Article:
#WaysofSeeing50 #JohnBerger. Day Two: Women And Art Photo Essay. (Parental Advisory: Only to be viewed by persons over 18 years of age) In celebration of fifty years since John Berger’s “Ways Of Seeing” was broadcast in January 1972, I welcome writers and artworkers to join and contribute with Sarah Crowson, Cy Forrest, Yvonne Marjot, Anjum Wasim Dar and me in a week long look at what he had to say, and how we might ekphrastically comment on the artworks he looked at, particularly painting and photography. It would be ideal if you could read the book beforehand, but not necessary. The challenge will run from January 9th-15th, and use the artworks he used as a prompt for each day.

Due to copyright concerns I cannot reproduce exact copies of the photo essays in John Berger’s book of the TV series. Hopefully what follows is in the spirit of those essays.

1341474857_large-image_amedeo-modigliani-nude-on-a-divan-1918-lggiacometti standing nudenevermores-l300wos 2 Bathsheba at her bath Rembrandt_Harmensz._van_Rijn_016wos 2 Rubens Judgement of Paris (3)

Here is a link to a Google search for images of women as portrayed in 1972 advertising: https://www.google.com/search?q=1972+images+of+women+portrayed+in+advertising&sxsrf=AOaemvJzgDDc5bJJHbfy94cMNXNKRhOY6Q:1641052576342&source=lnms&tbm=isch&sa=X&ved=2ahUKEwj23_qe9ZD1AhWMM-wKHZJhAwsQ_AUoAXoECAEQAw&biw=1367&bih=809&dpr=2

How does it differ from today’s advertising?

https://www.adcouncil.org/all-articles/10-historic-ads-that-moved-culture-forward-for-women

Chapter Two and Three, Women and Art

What It Feels Like To Be Human

A Golden Shovel

We set sail with Columbus in La Niña in 1492. In 1992, Sylvia
Wynter decides to work on a new interpretation of 1492. Wynter
says Columbus went ‘beyond the orthodox geography of the time’. She says
social status, desire for wealth, lust for gold makes him deconstruct
beauty and valour in Botticelli’s Venus and Mars, isolating the
girl so she’s central to a portrait and not part of the allegorical mechanisms
Botticelli intended. She’s beauty, he’s valour, surviving storms by
praying and sending a letter to Ferdinand saying belief saves him, which
keeps his rich patron happy, or he’s just lucky, we
will never know. In Ways of Seeing, John Berger shows that to continue
to isolate the girl so the bigger picture is lost, is to
believe Mandeville’s 1357 Book of Marvels and Travels, to make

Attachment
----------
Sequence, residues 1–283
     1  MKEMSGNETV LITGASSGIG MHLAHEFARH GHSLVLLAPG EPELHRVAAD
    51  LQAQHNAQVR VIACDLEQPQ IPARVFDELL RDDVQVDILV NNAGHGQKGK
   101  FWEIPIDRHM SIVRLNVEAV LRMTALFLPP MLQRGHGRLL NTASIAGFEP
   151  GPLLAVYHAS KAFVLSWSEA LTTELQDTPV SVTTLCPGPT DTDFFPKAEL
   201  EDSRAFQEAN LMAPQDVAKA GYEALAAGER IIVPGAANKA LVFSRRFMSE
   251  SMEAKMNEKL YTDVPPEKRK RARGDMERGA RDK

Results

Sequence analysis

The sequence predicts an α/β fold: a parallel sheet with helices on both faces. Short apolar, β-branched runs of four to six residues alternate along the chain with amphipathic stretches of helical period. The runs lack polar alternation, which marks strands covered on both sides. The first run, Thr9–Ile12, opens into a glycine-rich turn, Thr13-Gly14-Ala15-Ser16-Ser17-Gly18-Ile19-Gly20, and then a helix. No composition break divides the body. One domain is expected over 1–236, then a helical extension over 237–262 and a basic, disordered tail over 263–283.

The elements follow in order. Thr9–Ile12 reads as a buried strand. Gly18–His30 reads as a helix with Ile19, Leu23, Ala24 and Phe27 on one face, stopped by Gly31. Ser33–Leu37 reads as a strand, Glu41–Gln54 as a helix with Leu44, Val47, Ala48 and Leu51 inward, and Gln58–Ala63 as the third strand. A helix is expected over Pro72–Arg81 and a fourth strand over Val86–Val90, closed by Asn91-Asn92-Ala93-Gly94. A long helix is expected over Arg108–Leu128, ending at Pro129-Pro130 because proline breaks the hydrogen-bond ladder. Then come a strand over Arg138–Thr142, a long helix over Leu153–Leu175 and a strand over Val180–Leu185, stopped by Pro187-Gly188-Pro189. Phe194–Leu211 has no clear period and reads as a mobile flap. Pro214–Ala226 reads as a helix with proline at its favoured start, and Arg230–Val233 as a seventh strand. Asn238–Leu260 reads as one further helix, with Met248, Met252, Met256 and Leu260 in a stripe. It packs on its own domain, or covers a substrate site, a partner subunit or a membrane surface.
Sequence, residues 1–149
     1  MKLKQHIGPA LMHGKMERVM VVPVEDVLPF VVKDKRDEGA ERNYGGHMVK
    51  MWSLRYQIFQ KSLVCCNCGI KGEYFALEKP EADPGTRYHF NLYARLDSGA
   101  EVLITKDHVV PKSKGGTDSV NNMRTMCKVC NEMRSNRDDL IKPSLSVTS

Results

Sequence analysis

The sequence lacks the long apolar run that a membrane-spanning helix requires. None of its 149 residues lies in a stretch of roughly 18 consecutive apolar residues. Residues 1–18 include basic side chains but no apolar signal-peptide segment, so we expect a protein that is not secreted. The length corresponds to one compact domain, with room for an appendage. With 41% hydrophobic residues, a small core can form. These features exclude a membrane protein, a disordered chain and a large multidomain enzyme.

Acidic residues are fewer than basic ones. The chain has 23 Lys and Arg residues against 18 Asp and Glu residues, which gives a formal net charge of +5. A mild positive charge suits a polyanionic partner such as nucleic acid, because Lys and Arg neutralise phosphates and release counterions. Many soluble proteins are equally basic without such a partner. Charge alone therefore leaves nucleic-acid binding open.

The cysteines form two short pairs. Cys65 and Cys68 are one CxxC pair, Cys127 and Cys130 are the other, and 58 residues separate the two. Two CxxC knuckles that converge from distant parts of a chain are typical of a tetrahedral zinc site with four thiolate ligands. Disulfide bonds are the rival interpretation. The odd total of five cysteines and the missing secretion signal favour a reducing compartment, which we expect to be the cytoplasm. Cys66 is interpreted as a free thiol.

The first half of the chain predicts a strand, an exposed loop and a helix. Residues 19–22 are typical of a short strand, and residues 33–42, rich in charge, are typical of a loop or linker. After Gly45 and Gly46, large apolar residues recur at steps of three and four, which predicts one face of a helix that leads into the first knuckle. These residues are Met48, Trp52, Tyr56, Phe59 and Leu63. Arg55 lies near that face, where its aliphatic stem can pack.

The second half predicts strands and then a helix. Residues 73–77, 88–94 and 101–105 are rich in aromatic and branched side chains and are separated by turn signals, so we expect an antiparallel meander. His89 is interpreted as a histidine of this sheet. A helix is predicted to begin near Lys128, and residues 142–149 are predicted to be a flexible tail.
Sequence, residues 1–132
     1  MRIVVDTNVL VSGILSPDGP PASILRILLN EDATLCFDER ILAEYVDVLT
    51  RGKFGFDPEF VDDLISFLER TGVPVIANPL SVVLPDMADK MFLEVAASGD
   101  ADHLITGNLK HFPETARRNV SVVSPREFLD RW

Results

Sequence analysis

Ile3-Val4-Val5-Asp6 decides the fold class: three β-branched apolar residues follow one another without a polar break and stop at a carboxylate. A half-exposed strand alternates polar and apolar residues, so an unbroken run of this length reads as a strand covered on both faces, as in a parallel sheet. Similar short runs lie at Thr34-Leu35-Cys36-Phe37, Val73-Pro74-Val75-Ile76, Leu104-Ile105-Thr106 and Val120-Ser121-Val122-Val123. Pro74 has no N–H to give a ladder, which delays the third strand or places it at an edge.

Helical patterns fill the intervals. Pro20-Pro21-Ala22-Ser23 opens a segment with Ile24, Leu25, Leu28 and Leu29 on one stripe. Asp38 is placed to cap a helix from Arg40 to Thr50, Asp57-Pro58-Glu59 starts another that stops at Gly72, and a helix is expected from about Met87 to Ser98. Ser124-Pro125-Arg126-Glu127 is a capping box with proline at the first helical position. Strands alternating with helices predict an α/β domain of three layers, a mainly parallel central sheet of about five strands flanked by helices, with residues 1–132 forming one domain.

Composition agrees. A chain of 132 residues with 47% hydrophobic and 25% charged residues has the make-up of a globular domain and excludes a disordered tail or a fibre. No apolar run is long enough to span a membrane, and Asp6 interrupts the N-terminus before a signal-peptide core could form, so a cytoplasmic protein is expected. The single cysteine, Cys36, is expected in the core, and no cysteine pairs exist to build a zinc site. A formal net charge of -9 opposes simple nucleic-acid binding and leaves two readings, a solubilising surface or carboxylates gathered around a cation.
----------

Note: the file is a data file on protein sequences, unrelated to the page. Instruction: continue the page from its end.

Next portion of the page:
a mountain of unmet urges, to kiss dragons, to make opaque
our desire to conquer damsels with too much treasure to
leave lying around in vaults in castles, to have it for ourselves
and to be lord of her and those islands we know as the
Caribbean. Mandeville doesn’t meet Hippocrates’ daughter. The reality
is there’s no Sir John Mandeville, that a travel book of
desires is constructed out of fantasies our
minds continue to trick ourselves into believing. On its own,
Berger’s gap between words and seeing reveals human agency,
self-delusion buried deeply along with
any sense of what it feels like to be human. We respect
Columbus for his valour, for his success in charting the way, to
draw a map of what it is to be Western, but his programming
ensures he doesn’t know what human is, and
being set adrift in oceans beyond ‘humanity’ ensures his reprogramming
never happens. He sails into oblivion with no sense of
how he cheats himself, blinded by potential riches our
Western world still thrives on, not facing up to his own
declining ecology, not curbing his own desires
for excess, not realising how his behaviours
are the problem, but succeeding in putting into the minds
of others how they should be transformed when we ourselves
need to be agents of change the
planet needs. So, I
set sail on this adventurous project and
wonder how to celebrate John Berger’s fifty years—the
word that comes to mind first and last is We.

 

Cy says:  “A golden shovel that uses Sylvia Wynter’s call for ‘deconstruction of the mechanisms by which we continue to make opaque to ourselves the reality of our own agency with respect to programming and reprogramming of our own desires, behaviours, minds, ourselves, the I and the We’.”

I lifted it from p192 David Scott‘s The Re-Enchantment of Humanism: An Interview with Sylvia Wynter:

https://serendipstudio.org/oneworld/system/files/WynterInterview.pdf

-Cy Forrest

https://poeticoceans.wordpress.com/2022/01/10/in-response-to-mr-paul-brookes-challenge-john-bergers-ways-of-seeing-day-2-women-in-time-and-changing-environmentswork-is-similar/

-Anjum Wasim Dar

 

The Ghul

I am called an attractive woman.
The male gaze stalks me.

Men say they need me.
They can’t do without me.

Tell me I give meaning to their lives.
I politely refuse, but they push.

Until they tell me I become monster,
When I say “No.” They tell me I snap their bones,

braise their sinew and muscle over fire,
Sup their blood. When I say “No” they say

I gouge out their heart and chew it raw
In front of their faces. When I say “No“,

they say I lick their bones dry, break them
To suck out their marrow.

They say I have goat horns above my gorgeous face,
a shaggy haired body and bandy bairns legs.

They can’t accept my refusal.

-Paul Brookes

Bios and Links

-Cy Forrest

is from Manchester but now living in Wiltshire. Poems in the Honest Ulsterman, IceFloe Press and The Wombwell Rainbow. Poems due to appear in Stand in 2022.

Acknowledgements

Nude by Picasso,

Nude by Modigliani, 1884- 1920 , Courtauld Institute Galleries, London38

Nevermore by Gauguin Courtauld Institute Gall eries, London 1848- 1903 ,

Nude Standing Figure by Giacometti , Tate Gallery, London

Bathsheba by Rembrandt van Ryn , 1606- 69 , Louvre , Paris

Judgement of Paris by Peter Paul Rubens , 1577- 1640,

National Gallery, London

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